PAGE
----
Incredible photo of 'supernatural' pink light phenomenon revealed by Nasa
NASA has shared a stunning image of pink rays in the sky and explained the science behind it.
As part of the space agency's 'Astronomy Picture of the Day' they revealed a scene that looks almost supernatural.
The snap was captured by photographer Bryan Goff in Florida a few years ago.
It shows a phenomenon called anticrepuscular rays.
Nasa explained under the image: "To understand them, start by picturing common crepuscular rays that are seen any time that sunlight pours though scattered clouds.
"Now although sunlight indeed travels along straight lines, the projections of these lines onto the spherical sky are great circles."
The space agency continued: "Therefore, the crepuscular rays from a setting (or rising) sun will appear to re-converge on the other side of the sky.
"At the anti-solar point 180 degrees around from the Sun, they are referred to as anticrepuscular rays.
"Featured here is a particularly striking display of anticrepuscular rays photographed in 2016 over Dry Tortugas National Park in Florida, USA."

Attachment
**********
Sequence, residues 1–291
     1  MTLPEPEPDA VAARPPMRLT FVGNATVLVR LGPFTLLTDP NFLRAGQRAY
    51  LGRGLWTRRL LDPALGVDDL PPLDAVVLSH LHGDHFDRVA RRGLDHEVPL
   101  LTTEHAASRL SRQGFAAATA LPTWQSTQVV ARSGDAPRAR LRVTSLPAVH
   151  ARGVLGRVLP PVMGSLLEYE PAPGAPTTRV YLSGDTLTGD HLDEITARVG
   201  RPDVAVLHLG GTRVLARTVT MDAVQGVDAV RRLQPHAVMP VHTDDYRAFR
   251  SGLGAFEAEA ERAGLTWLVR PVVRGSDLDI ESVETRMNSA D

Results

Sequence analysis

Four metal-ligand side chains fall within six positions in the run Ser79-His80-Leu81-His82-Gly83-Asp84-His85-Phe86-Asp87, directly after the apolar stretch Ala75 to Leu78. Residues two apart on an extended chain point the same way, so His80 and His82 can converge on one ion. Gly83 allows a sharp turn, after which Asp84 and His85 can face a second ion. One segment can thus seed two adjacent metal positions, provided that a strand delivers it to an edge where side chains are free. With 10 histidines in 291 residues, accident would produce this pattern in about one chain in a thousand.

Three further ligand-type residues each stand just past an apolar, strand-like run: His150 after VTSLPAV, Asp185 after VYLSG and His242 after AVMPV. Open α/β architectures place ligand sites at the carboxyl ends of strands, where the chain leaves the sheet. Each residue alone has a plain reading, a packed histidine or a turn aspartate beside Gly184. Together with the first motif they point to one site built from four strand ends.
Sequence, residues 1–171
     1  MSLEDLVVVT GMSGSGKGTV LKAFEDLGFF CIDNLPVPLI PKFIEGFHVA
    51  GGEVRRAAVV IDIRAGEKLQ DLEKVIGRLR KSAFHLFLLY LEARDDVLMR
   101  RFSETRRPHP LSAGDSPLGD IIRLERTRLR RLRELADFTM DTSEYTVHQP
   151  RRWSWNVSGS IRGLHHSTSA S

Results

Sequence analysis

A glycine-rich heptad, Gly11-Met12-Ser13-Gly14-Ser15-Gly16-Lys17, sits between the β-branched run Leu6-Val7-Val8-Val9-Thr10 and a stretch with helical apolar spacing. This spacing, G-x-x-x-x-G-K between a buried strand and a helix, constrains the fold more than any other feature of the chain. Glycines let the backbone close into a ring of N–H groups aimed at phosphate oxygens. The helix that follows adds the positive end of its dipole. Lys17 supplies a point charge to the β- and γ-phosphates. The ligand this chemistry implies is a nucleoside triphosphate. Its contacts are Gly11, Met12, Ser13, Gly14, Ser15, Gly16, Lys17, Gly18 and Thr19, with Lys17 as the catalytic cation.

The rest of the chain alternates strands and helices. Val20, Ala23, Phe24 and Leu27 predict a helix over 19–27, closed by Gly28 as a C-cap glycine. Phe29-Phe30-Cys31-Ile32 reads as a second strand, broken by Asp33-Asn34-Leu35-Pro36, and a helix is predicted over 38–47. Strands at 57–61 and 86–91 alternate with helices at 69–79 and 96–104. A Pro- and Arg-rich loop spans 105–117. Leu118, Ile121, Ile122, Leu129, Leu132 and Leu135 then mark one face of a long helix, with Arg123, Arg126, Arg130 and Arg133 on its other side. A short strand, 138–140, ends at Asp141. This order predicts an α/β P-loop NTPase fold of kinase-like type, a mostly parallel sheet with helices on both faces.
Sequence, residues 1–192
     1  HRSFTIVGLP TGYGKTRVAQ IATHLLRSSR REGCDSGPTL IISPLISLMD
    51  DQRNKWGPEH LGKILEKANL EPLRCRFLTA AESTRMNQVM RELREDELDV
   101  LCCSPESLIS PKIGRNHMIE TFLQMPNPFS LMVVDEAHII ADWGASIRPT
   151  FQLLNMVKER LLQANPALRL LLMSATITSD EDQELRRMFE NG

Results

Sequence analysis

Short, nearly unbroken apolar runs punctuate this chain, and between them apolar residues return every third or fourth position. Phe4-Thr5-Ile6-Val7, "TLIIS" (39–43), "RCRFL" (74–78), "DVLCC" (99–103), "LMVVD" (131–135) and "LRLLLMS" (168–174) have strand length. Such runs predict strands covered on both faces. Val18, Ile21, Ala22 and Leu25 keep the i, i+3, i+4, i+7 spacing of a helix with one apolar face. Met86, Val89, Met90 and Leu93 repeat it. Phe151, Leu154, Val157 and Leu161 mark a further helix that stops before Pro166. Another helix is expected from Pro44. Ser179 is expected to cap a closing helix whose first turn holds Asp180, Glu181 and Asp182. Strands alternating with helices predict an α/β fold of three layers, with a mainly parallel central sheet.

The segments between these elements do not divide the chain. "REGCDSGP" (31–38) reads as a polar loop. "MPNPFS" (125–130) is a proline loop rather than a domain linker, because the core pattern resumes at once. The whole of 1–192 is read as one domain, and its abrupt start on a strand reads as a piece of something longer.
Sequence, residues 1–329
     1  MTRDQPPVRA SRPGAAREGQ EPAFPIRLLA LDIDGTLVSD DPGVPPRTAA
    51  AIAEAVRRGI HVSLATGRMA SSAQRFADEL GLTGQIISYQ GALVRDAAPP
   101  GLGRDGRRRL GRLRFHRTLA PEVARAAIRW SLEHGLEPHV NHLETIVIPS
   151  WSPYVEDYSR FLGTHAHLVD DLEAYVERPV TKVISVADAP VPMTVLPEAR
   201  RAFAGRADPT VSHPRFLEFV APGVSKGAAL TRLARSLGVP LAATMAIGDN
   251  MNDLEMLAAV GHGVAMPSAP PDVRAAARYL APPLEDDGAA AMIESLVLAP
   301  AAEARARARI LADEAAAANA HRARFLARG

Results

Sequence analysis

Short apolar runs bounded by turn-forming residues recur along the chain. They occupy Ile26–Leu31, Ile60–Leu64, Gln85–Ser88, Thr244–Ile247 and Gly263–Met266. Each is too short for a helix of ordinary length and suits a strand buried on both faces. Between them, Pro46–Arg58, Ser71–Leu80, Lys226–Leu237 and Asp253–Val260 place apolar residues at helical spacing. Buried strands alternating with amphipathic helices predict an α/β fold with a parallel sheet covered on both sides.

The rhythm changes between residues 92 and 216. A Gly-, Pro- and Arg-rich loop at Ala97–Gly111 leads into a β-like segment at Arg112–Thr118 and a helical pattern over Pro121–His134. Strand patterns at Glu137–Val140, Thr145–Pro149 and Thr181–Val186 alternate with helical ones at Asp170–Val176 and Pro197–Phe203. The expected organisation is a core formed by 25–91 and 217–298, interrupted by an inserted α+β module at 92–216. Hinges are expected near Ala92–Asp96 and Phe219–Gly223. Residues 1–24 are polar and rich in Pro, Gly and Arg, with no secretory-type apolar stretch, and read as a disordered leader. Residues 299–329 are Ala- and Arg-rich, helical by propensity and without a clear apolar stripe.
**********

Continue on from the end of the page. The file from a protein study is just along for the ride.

Essentially the rays look like they are travelling the opposite way to the Sun in the sky.
They are mostly visible around sunrise or sunset because of atmospheric light scattering.
What are crepuscular rays?
Here's what you need to know…
- Crepuscular rays are sometimes reffered to as "God rays"
- You may have spotted them in the sky before
- They are essentially sunbeams that occur during twilight hours when the Sun is below the horizon
- They occur because particles in the air can scatter short and long wavelengths of light differently
- Anticrepuscular rays are similar but look like they travel in the opposite direction
In other news, Nasa recently revealed a photo of a ‘gorgeous island galaxy’ that measures 100,000 light years across.
The space agency also showed off the "space home" where the first ISS tourists will enjoy panoramic views of Earth.
And, the first ever cookie to be baked in space was cooked aboard the ISS.
What are your thoughts on Nasa's 'Astronomy Picture of the Day'? Let us know in the comments…
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